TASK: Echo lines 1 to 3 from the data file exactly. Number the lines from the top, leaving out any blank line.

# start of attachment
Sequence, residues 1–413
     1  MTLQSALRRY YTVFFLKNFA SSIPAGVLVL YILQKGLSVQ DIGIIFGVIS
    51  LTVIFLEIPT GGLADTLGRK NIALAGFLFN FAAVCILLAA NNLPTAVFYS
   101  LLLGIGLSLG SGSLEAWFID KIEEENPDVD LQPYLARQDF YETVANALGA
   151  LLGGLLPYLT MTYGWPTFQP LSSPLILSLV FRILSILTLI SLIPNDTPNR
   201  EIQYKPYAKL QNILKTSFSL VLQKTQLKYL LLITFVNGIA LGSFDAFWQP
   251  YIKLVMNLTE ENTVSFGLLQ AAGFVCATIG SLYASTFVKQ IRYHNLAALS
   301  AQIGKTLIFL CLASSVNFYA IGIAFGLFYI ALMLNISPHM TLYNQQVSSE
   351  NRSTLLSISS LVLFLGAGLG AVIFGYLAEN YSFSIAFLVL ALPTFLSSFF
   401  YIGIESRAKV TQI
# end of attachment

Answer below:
Sequence, residues 1–413
     1  MTLQSALRRY YTVFFLKNFA SSIPAGVLVL YILQKGLSVQ DIGIIFGVIS
    51  LTVIFLEIPT GGLADTLGRK NIALAGFLFN FAAVCILLAA NNLPTAVFYS